cross platform meaningless approval seeking

Do you remember when passing a notebook among your friends was your idea of social media?

I was wondering what the next big thing after Twitter would be, and apparently it’s Instagram, but do I really even want to use that? That’s what I thought when Twitter was new, and here I am, but I don’t want to play this lame keeping up game. I don’t want to prove that I am cool, smart, funny, creative and interesting 140 characters at a time anymore. Nor do I want everyone in the world to “like” my “status.” Whenever you’re posting a status update, your true status is, “Wasting time on Facebook while real life passes by.” People used to think gamers were lame (back when they were just called “computer nerds”), but now what about all these so-called “normal” people whose emotional lives revolve around getting virtual “likes” from people whose opinions ultimately do not matter?

I’m still on Twitter and Facebook, of course, for the same reasons everyone is still on them. I am no better than everyone else. I need a way to obsessively click through photos of the lives of people I no longer actually know so I can compare myself to them in the least realistic light possible. And I need a way to tell the world I’m funny and cool and stuff. Plus, it’s how I get my news. Hate me for it if you want, but I know I’m not alone. I can hear the trolls already: “You are what’s wrong with America!” Yes, dear. Aren’t we all?

I know several people who have decided to cut back their use of social media. Incidentally, social media can be shortened to “SM” if you ever get tired of writing it out. I find that appropriate. Anyway, some have quit one site or another entirely. Some have stopped all forms of digital sharing with the general public. Some are simply being more selective than they used to be, keeping everything very professional: no profane tweets, no drunk tweets, no passive aggressive breakup drama tweets.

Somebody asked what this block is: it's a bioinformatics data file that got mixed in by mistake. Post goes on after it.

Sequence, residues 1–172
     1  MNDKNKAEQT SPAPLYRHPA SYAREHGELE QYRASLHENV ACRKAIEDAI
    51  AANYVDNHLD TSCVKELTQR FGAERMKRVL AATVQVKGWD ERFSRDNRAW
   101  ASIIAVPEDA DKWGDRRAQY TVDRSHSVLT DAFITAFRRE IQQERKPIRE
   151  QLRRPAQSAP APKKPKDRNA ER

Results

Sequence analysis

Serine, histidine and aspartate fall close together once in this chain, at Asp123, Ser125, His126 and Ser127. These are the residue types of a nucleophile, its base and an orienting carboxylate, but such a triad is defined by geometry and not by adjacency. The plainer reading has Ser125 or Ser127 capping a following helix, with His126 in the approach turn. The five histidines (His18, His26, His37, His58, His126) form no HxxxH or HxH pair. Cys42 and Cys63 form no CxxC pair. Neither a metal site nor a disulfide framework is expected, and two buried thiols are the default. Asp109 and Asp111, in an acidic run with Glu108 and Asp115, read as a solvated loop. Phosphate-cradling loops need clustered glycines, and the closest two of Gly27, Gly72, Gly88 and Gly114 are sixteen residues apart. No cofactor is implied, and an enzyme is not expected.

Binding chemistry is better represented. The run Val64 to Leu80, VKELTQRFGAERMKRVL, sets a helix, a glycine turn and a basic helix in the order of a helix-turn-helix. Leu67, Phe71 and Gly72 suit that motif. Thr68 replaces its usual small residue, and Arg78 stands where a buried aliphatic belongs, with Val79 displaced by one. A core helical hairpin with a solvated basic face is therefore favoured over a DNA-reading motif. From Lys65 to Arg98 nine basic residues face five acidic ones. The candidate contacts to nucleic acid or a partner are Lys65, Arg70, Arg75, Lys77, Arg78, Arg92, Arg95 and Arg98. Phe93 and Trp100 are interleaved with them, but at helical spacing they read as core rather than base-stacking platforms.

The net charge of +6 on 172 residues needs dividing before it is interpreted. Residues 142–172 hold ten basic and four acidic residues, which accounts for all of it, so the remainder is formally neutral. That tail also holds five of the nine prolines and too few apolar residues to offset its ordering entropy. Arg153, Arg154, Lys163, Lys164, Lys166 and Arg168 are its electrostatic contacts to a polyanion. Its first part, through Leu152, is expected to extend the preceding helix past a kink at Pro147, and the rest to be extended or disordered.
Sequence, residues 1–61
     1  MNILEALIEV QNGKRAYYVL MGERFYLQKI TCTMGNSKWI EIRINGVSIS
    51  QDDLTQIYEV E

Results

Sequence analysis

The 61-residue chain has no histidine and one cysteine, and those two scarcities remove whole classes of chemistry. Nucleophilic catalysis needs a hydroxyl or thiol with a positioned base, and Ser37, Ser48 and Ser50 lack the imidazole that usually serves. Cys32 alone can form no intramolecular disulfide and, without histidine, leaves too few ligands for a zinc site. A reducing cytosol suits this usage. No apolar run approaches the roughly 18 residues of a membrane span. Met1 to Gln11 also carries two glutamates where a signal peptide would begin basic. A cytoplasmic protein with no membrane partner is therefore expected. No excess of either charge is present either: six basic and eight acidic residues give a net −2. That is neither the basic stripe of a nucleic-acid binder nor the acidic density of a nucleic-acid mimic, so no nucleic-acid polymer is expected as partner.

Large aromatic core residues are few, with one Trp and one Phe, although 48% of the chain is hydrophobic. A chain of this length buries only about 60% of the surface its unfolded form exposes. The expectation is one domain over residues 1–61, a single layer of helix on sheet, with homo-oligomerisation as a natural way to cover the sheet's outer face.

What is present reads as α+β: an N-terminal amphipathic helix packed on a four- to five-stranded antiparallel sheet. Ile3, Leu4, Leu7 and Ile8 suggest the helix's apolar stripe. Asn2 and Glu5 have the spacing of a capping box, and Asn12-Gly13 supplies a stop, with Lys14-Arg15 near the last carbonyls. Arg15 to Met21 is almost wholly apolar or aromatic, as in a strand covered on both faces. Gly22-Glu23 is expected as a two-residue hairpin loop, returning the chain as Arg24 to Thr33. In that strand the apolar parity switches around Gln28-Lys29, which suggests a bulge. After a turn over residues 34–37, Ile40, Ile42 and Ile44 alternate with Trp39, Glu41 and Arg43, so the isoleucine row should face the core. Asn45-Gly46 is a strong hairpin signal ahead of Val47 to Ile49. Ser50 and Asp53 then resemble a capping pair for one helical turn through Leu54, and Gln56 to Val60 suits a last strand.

Others have diversified: Joining Polyvore, then Pinterest; starting a Tumblr, then reaching back to Live Journal for that old school flavor; maybe even re-activating a Diaryland account (yeah, it still exists). Some of us are cross-platform blogging and bringing in Soundcloud and Youtube clips, although it’s a little hard to call Youtube social these days. And if there were a way to ad texture to a blog post a la that fuzzy bunny book everyone had as a toddler, you know I’d be first in line for that beta … unless of course it already exists and I missed it because I’m terminally uncool. Also possible.

Some people are still on Myspace. Heh. That always makes me feel better.

For me, the impulse is a complicated combination. I need to stay focused and not waste a lot of time and energy on a lot of outlets that at the end of the day are just meaningless-approval-seeking devices. I don’t want to take endless photos of myself, add sepia filters, adn upload them to the internet with faux ironic captions indicating I am pretending not to believe I’m a rock star fashion icon.

But here I am. And just like the would-be fashion icon, I am deluding myself that I can reach the world with my art via Twitter and Facebook or Pinterest and Instagram or whatever your social media flavor of the day is.

And now it’s time for a solution … I don’t have one. I am a writer, not a social media maven. And fuck the word “maven” anyway.

what he calls love
the dumbest named disorder

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